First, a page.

The mysteries to behold in the world’s vast oceans never cease to amaze us. Like this latest haul of deep-sea creatures with bulging torsos, spiky backbones, armor-like horns and eerily translucent bodies that are strangely beautiful – and perplexing.
Reefed from the depths of the Gulf of Mexico, the critters are a collection of otherworldly beasts, some of which have never been seen before.
But it turns out the bizarre critters are not actually representing new species. Painstaking work has now revealed these are larval and juvenile forms of deep-sea shrimp and prawns which inhabit some of the deepest, darkest depths of the oceans.
“Many species progress through a series of larval stages… often representing bizarre forms unidentifiable from their adult counterpart,” write Heather Bracken-Grissom, a marine scientist at Florida International University, and graduate student Carlos Varela who sought to identify a collection of the unique specimens with the help of genetic tests.
Taxonomy – the classification of where organisms belong in the tree of life – is tricky at the best of times, let alone when you’re looking at teeny tiny specimens plucked from the open ocean at depths of 1,500 meters, as the researchers did.
In the past, the only samples scientists had to work with were half-digested specimens found in the guts of fish, tuna and dolphins or, more pleasantly, single specimens described almost two centuries ago, such as the duly named Cerataspis monstrosus – which is now known to be a larval form of Plesiopenaeus armatus, a deep-sea shrimp that lives in the ocean’s abyssal plains up to 5,000 meters below the surface.
“There are so many instances where we have documented creatures in infant or larval stages and have no idea they become as adults,” Bracken-Grissom said at the time of her 2012 discovery which reunited C. monstrosus with P. armatus.
Try as scientists might, many families of deep-sea shrimp are also “fraught with taxonomic problems” because rare and unusual larval stages have been mistakenly described as new genera or species.
In this latest study, Bracken-Grissom and Varela matched 14 larval and juvenile species to their adult counterparts using DNA barcoding, a technique that involves comparing short segments of DNA extracted from known and unknown specimens.
Before this study, scientists knew next to nothing about the larval stages of 10 of the 14 deep-sea species described. When you consider that some of the specimens collected for this study measure less than an inch long, about the size of your thumbnail, it’s no wonder they’ve slipped through nets before.
“For many groups, larval descriptions are missing or non-existent, so this study represents a first step of many to advance deep-sea larval diversity,” Bracken-Grissom and Varela write.
The duo tested, sketched, measured and described some of the curious creatures collected on eight research expeditions into the northern Gulf of Mexico and adjacent waters, many of which had never been seen before, and others that scientists had found difficult to rear in the lab.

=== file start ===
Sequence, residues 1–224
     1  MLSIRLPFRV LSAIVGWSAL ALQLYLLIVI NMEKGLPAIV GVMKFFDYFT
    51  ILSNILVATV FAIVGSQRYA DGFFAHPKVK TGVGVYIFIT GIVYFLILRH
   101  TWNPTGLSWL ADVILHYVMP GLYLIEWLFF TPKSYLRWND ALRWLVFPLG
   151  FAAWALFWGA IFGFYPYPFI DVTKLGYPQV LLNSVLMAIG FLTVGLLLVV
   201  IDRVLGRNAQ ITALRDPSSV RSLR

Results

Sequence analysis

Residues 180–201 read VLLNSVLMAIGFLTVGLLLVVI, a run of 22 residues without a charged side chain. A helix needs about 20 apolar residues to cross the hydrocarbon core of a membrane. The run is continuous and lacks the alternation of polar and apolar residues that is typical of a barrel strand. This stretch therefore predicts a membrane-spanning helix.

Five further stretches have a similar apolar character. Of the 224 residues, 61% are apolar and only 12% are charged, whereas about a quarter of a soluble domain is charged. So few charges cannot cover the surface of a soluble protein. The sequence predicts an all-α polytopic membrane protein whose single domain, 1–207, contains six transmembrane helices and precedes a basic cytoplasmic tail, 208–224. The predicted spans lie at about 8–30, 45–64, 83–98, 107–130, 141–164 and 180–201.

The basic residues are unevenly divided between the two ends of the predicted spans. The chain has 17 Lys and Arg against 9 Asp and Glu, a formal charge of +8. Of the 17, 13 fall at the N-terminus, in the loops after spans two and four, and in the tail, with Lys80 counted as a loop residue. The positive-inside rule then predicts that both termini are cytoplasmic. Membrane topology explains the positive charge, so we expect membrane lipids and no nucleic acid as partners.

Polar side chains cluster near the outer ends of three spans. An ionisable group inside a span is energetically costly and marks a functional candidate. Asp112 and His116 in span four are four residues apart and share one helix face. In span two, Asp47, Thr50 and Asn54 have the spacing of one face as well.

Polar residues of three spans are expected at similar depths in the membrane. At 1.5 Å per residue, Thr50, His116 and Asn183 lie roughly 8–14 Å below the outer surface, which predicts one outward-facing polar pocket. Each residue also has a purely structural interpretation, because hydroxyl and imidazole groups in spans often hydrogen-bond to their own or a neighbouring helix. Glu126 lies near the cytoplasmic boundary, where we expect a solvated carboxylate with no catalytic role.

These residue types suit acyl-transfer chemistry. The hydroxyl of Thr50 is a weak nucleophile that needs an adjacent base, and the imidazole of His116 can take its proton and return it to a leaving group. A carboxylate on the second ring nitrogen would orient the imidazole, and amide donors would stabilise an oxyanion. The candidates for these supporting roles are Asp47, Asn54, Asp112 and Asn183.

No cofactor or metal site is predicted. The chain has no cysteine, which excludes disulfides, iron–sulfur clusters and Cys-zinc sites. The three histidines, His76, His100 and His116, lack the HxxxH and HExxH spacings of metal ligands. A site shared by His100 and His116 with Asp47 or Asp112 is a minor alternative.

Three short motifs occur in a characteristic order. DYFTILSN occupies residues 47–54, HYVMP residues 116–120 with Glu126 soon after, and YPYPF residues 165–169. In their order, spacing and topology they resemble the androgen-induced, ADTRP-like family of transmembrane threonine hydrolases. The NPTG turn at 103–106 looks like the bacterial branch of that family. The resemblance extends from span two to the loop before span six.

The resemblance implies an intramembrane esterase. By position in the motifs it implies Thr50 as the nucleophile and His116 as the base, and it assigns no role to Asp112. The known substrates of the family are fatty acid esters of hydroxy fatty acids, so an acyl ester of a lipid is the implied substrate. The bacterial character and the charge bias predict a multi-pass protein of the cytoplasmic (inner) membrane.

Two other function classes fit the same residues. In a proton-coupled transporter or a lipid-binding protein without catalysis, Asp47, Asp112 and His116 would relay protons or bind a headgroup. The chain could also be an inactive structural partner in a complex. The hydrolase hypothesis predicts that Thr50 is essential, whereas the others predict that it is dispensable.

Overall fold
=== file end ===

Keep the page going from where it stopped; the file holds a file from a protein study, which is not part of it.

What they revealed was a dazzling array of larval and juvenile forms of different deep-sea shrimp species, adding new pieces to the puzzle of their complex life cycles – which, in some cases, are thought to include nine or more larval stages.
One of the larval specimens, identified as a member of the Alvinocarididae family of shrimp that inhabit deep-sea cold seeps, was found in waters deeper than it ever had before, at depths down to 1,000 meters.
Another was identified as a juvenile Funchalia villosa, a species known to make daily vertical migrations through the water column, ascending at night from depths of around 2,600 meters (8,530 ft) to within 50 meters (160 ft) of the surface to feed.
Not all deep-sea shrimps are so transitory, though. “A lot of these larvae are found in the mesopelagic zone [in] open water between 200-1,000 meters [560-3,300 ft] and then settle to the deep-sea floor as adults,” explains Bracken-Grissom.
Either way, matching infant forms to their fully-fledged adult mates is a crucial link in understanding where deep-sea shrimp and other crustaceans live at different stages of life and their place in the ocean’s food web, the researchers say.
Crustacean larvae are often the main food source for small and large migratory fishes, cephalopods and some deep-diving marine mammals, “which means they are important to the food chain,” she adds.
But the researchers suspect these little-known shrimp species probably have multiple larval stages – which can be influenced by seawater temperature, salinity and the food they eat – so more work and specimens will be needed to fully describe the secret life histories of these underrated deep-sea dwellers.
The research was published in the journal Diversity.